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<p><strong>After:</strong> Wood-wrapped columns, a refinished floor and steps, and cheery accessories lend curb appeal and make visitors feel welcome.</p>

After: Wood-wrapped columns, a refinished floor and steps, and cheery accessories lend curb appeal and make visitors feel welcome.

Big transformations don't always require a big budget or weeks of work. Good thing, too: By the time Megan and Ross Bray of Racine, Wisconsin, got around to overhauling the dingy entry porch of the 1949 bungalow they'd been renovating for seven years, money was tight.

<p><strong>Before:</strong> With its shabby, stained carpet and retro wrought-iron columns and railings, the dreary front porch felt boxed-in and depressing.</p>

Before: With its shabby, stained carpet and retro wrought-iron columns and railings, the dreary front porch felt boxed-in and depressing.

Porch Rehab

Because the dated wrought-iron posts were structural, they couldn't easily get rid of them, and when the couple pulled back the carpet (yes, carpet!), they found a mess of glue and crumbling concrete. After removing the carpet, they took out the railings with a Sawzall, leaving the L-shaped posts in place. Inspired by Craftsman-style porch columns, they reimagined theirs as square pillars, cladding the ironwork with 1x12s and using 1x6s and crown molding to make a capital and base for each one. To fix the deteriorating concrete underfoot, they mixed up and poured on a resurfacer and smoothed it out with a sponge. Megan fashioned a plaque stenciled with oversize house numbers, added a rug over the now clean white floor, set down a pair of chairs they already owned, and bought potted plants to liven up the space. The transformation took a single weekend. Megan can't believe they waited so long to fix up the entry. "We love it," she says. "Instead of covering up an eyesore, we've made it a cute space we can enjoy."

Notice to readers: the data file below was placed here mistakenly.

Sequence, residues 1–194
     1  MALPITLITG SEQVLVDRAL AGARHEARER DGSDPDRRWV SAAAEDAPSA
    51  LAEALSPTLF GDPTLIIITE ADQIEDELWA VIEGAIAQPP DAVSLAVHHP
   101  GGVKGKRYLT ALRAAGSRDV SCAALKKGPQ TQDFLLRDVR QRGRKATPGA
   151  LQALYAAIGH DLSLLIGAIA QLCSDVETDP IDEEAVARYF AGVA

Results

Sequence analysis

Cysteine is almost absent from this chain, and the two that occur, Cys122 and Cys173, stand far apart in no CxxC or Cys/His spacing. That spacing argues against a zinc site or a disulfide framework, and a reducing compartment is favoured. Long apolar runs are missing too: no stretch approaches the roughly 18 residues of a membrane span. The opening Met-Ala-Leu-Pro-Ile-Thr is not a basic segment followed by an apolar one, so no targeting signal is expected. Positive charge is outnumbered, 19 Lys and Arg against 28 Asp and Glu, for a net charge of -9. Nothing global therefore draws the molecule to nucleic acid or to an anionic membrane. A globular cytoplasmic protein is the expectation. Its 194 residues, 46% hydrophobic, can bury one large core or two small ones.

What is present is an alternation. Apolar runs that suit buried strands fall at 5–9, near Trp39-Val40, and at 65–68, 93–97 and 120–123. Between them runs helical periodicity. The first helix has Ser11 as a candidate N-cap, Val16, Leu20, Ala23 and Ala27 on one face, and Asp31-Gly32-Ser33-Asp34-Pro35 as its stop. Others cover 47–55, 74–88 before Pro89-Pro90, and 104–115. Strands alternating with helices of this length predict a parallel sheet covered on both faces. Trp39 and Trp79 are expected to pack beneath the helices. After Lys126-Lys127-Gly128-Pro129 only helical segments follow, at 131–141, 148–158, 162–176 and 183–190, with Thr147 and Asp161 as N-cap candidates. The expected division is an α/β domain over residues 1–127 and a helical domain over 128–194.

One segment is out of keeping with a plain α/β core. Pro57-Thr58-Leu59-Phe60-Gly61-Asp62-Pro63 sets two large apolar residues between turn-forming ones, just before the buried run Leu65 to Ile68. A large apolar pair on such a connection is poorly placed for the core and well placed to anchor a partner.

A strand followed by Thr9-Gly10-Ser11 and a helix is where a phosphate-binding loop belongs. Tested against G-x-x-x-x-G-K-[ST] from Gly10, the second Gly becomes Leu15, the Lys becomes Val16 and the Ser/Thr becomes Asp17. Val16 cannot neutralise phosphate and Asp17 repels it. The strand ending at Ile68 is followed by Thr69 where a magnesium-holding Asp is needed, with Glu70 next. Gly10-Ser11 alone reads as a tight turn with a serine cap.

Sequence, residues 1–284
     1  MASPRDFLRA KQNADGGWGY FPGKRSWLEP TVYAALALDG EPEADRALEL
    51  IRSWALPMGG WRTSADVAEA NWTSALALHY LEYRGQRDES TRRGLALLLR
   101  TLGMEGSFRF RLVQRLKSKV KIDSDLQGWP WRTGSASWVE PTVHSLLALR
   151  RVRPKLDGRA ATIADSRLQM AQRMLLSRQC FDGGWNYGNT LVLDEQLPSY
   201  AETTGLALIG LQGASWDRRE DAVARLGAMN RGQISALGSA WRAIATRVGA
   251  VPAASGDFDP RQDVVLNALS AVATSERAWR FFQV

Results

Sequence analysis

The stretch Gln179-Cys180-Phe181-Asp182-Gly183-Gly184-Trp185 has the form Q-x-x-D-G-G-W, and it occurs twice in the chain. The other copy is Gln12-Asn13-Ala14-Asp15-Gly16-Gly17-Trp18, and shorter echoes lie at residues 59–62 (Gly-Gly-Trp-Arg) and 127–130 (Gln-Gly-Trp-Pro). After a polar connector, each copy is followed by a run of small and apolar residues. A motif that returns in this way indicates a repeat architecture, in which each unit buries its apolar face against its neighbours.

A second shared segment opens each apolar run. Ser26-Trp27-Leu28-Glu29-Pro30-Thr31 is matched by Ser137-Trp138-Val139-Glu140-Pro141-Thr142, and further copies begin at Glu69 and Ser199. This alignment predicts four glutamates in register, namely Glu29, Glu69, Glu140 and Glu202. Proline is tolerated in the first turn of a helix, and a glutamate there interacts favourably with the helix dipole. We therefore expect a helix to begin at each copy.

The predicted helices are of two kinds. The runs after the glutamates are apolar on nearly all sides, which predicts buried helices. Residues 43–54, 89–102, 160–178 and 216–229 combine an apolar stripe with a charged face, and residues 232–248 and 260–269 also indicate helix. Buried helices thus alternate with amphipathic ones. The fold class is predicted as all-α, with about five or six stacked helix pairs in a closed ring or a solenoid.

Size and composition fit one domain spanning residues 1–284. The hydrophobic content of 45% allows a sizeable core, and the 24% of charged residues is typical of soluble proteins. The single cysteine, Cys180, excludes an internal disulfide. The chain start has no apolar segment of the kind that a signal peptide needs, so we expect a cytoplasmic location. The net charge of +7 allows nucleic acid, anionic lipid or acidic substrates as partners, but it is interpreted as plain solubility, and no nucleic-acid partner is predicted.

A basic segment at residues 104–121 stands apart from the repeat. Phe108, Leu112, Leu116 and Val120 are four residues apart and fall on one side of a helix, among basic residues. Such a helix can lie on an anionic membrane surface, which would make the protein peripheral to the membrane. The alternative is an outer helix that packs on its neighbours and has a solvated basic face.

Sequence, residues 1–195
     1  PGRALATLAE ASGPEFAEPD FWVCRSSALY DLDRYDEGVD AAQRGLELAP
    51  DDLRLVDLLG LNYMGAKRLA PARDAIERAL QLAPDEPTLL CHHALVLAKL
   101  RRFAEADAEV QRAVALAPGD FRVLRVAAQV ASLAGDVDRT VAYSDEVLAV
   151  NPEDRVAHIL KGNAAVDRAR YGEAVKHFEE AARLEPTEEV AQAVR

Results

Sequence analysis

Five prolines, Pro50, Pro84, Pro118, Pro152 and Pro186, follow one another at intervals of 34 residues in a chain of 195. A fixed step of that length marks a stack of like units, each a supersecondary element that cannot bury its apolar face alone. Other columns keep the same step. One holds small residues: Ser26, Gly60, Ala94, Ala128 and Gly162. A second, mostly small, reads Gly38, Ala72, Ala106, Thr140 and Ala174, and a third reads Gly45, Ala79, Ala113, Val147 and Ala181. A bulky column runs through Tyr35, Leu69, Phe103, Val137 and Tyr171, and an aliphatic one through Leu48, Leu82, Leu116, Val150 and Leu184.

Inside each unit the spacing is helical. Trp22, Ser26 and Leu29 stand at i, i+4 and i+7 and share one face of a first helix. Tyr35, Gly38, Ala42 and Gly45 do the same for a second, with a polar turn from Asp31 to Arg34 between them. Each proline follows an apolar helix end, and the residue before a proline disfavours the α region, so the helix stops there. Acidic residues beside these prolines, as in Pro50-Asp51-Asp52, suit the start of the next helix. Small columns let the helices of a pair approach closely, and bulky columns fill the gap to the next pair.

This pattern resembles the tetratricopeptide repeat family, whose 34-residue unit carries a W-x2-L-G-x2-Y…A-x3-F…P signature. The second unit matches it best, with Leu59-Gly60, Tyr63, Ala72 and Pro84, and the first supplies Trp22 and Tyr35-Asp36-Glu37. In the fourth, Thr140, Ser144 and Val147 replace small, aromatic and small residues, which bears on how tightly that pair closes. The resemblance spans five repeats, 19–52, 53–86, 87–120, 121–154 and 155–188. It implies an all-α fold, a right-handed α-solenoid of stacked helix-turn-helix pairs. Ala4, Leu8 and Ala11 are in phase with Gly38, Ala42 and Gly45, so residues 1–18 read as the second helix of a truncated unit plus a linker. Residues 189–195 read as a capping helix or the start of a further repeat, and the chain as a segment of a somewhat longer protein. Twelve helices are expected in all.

The Project Tally

• Boxed out existing columns with 1x12s and trimmed the top and base of each one with 1x6s and crown molding $136

• Caulked seams, then primed and painted the columns with white exterior latex $45

• Ripped up the carpet; cleaned the dirty, crumbling concrete underneath and smoothed it with a resurfacer $96

• Made a house-number plaque with on-hand scrap wood and spray paint $0

• Repurposed chairs they already owned, adding throw pillows, an outdoor rug, and planters $90

Total: $367